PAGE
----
Thursday, March 20, 2014

Abraham, a dilemma and going my own way.

It was not so long ago that I was completely immersed in the teachings of Abraham as channelled by Esther Hicks. The basic message is simple and in many ways felt like truth to me - that our thoughts create our reality. I had always had this inkling that our thoughts were in some way connected to the events and experiences of our lives. I still remember my school friend, who is a sensitive and intuitive person, saying that she wouldn't allow herself to think bad things in case they came true. Although this sounded like childish superstition, I knew on some level that she was right. Since then science, in the form of quantum mechanics, appears to be proving this to those of us who require more rational, physical proof of such beliefs. In particular the double slit experiment which shows that matter is formless until observed. If you want to know more about this you can watch an explanatory video here.

The Abraham Hicks teachings say that we can have whatever we want, we only need to desire it, know that it is ours and allow it to arrive in its own time taking whatever action we feel inspired to take to bring it into existence. The emphasis is on making ourselves happy which comes across as an ideology of selfishness. But then, if you think about it, who else's happiness do we really have any control over? We can try to make others happy - it is always a pleasure to give to others - but we can't make them happy if they choose not to be. Also, if we prioritise giving to others over giving to ourselves, which women in particular have been educated to do, we are left feeling drained and resentful. So Abraham teaches us that making ourselves happy is the only sure way to please ourselves and others in the long term.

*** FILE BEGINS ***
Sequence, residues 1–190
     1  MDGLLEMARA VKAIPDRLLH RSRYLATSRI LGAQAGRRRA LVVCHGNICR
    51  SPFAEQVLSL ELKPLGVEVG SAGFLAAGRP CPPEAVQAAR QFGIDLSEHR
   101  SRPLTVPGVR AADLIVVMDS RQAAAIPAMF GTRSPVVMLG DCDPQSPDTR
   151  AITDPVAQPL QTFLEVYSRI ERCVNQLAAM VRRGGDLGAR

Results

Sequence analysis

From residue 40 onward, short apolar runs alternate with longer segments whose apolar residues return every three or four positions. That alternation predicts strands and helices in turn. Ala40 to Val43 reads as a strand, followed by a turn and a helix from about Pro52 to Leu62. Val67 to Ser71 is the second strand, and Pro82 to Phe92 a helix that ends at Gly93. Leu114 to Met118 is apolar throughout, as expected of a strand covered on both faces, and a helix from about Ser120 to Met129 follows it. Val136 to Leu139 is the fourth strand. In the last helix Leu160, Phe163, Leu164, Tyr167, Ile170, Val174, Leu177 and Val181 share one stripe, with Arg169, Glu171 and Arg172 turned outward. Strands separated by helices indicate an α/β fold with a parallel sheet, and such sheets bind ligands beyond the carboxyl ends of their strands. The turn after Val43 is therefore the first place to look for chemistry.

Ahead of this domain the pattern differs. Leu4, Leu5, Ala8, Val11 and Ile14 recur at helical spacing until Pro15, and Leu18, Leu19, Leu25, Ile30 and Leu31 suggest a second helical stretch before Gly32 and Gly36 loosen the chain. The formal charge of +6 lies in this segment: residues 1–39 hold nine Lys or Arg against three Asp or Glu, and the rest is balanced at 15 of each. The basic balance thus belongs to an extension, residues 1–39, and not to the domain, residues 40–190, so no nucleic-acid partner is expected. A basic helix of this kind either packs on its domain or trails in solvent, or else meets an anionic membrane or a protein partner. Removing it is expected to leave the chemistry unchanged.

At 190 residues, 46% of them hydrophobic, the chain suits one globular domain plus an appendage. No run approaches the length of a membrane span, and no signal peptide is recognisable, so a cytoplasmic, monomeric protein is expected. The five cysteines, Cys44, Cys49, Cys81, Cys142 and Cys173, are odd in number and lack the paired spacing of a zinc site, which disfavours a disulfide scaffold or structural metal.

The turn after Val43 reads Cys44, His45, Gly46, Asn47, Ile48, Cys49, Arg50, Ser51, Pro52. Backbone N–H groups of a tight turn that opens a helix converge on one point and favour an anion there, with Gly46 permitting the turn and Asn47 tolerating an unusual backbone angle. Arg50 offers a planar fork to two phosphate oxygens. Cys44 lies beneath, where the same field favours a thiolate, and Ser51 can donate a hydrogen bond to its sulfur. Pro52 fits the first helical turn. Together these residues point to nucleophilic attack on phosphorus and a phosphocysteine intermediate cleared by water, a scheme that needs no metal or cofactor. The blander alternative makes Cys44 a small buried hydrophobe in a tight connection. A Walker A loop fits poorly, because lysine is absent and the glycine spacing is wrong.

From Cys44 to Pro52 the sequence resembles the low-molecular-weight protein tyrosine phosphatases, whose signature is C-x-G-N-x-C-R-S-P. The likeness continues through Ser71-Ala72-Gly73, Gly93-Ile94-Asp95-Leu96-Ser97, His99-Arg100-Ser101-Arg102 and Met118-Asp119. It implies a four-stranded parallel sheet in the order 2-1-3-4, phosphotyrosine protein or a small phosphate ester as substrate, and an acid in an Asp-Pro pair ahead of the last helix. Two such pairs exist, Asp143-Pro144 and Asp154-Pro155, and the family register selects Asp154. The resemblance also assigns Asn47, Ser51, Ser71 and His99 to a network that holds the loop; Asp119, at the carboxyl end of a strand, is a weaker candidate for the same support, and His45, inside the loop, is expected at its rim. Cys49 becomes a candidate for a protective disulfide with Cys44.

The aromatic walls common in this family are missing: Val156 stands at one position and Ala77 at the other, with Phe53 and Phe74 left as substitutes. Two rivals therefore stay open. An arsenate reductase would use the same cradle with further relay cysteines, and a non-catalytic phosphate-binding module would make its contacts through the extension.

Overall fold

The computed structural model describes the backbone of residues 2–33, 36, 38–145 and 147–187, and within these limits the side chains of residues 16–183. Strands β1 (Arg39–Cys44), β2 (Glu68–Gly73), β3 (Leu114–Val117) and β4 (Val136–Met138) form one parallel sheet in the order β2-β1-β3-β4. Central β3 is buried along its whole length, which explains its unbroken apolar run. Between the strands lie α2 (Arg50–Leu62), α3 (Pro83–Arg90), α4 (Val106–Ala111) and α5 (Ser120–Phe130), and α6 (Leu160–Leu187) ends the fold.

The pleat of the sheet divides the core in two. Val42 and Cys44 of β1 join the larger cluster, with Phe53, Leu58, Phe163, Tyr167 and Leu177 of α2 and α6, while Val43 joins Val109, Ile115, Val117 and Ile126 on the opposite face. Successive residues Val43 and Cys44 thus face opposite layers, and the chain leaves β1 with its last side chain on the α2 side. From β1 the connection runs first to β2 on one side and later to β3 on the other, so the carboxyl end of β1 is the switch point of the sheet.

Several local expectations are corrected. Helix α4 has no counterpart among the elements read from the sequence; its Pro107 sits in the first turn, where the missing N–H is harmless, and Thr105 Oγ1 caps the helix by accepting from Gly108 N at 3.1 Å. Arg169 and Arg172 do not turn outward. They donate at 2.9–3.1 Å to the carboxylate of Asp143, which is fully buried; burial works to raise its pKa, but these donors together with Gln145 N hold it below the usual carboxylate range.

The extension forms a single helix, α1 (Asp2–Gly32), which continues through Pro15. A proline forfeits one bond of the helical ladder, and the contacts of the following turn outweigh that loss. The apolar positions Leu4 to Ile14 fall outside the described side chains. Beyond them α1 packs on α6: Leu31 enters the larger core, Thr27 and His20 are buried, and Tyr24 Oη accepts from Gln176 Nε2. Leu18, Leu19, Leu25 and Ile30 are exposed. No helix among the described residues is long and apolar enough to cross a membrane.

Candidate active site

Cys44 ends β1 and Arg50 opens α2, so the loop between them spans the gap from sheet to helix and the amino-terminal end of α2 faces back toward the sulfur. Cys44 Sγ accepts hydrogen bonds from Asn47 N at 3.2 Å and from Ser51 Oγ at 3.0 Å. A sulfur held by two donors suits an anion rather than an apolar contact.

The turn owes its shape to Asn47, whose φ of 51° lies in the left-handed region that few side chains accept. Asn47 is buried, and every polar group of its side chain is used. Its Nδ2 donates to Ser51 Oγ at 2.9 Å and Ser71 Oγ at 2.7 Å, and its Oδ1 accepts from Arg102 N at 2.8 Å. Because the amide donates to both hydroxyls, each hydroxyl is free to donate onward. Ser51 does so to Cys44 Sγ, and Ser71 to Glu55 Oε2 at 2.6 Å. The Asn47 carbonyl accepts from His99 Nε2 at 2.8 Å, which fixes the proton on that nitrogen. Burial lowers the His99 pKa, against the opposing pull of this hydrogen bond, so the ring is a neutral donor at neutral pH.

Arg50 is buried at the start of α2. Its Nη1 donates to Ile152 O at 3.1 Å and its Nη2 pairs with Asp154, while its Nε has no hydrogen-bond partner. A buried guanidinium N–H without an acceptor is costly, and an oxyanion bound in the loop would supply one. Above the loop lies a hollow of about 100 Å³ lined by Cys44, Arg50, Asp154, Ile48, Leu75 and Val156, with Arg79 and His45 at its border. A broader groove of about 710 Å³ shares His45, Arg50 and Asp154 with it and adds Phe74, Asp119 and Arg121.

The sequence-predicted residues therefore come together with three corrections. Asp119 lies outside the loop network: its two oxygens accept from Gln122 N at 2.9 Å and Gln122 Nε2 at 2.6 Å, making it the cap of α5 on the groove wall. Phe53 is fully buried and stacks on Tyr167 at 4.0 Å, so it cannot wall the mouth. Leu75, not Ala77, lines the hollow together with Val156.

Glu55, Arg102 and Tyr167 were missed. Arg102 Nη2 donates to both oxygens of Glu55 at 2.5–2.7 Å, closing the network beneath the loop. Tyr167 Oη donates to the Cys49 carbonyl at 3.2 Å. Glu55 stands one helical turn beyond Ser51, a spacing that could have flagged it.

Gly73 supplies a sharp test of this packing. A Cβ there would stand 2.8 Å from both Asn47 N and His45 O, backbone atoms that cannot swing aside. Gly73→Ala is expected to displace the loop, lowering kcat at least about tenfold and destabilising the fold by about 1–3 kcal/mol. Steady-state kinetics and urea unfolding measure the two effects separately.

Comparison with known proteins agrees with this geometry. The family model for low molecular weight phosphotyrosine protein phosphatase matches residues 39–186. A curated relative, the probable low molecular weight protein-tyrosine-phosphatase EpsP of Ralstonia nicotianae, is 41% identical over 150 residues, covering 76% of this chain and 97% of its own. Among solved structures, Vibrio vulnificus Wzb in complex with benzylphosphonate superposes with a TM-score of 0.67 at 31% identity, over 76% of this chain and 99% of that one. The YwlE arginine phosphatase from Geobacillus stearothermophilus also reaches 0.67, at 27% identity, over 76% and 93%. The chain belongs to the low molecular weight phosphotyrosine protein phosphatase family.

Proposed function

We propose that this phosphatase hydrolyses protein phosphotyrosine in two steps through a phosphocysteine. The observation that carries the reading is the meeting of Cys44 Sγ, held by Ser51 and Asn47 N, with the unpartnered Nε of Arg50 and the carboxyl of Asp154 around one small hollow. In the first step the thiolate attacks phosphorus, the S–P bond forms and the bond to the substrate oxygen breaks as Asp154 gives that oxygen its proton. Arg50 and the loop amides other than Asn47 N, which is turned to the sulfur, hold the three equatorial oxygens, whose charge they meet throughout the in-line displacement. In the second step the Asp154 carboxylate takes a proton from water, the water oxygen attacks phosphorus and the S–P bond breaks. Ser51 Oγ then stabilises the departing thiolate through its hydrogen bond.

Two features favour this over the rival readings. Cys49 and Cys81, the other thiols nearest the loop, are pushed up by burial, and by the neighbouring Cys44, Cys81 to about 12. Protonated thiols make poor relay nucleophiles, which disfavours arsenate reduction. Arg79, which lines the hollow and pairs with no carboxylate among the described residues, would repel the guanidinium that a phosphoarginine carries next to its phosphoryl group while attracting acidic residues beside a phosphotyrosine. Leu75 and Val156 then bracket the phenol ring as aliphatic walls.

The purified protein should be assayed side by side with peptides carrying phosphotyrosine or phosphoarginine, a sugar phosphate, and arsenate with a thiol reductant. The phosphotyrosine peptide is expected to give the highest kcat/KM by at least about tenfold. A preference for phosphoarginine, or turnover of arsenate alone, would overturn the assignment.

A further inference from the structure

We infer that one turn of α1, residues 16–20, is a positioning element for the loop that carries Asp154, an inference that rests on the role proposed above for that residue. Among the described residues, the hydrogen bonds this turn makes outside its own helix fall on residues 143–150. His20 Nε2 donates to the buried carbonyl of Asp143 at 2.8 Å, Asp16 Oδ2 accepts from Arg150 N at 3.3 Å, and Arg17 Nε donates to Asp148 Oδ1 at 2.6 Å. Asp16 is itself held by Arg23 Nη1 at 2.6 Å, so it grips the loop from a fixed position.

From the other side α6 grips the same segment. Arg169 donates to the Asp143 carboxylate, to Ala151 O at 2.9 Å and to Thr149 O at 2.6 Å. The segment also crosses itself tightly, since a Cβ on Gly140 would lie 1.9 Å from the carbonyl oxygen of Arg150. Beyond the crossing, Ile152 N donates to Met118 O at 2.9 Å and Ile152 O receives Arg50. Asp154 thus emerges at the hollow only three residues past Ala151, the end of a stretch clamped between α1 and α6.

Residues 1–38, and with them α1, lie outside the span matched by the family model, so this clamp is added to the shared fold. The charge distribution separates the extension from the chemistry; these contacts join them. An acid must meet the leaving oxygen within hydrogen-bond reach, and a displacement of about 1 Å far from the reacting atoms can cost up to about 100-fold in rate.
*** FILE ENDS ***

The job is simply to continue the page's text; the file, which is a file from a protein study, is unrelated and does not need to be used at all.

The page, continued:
But something has troubled me about this philosophy for quite some time and that is the Abraham view of the world's problems. When questioned about the corrupt political systems, the endless warmongering, the poisonous food and unsustainable, polluting fuel sources, I find Abraham's answers unsatisfying. The usual response is that whatever we focus on we attract into our lives. That these things can exist in our world but they only become a problem for us if we give them our attention and thus attract them into our experience. But when these things are so pervasive: on the TV, on the internet, in newspapers, conversations and so on, it is difficult to ignore them. Also, then the questions arise such as, "Is it ethical to ignore things that are happening in the world in order not to attract them into one's experience?" "Do we not create our reality collectively as well as individually?" "If so, should we not be informing others so that they might participate in choosing a better reality?" "If we just go about making ourselves happy and ignoring the problems experienced by others, is that not selfish, irresponsible and even heartless?" "Where is the place for compassion in such a model of reality?"

The questions have kept on coming and I have been going around in circles looking for answers to these and more. I want to believe the Abraham version of reality because it sounds like fun, having everything I have ever wanted, but somehow I just can't.  I can't believe it totally, not because it isn't true - I have proved to myself it does work by attracting some big things I never used to think were within my reach - but because it's not all true, for me at least. I can't float through life just having fun. Maybe it's because I'm a serious, hard-working Capricorn but I believe this a very important time for humanity and I want to be a part of moulding something new and much, much better than our ancestors would ever have believed possible. I want to break down the old, outmoded systems. I want to push the boundaries of what has always been considered possible. That's what I was born to do as were many others who are alive at this time.

There is an energy of potential in these times that is there for everyone to sculpt into their own work of art. The main message is to think big, the bigger the better. This is no time for little dreams. What would we ask for if we could have anything for ourselves, for each other and for the planet as a whole? Only our imaginations can limit us now.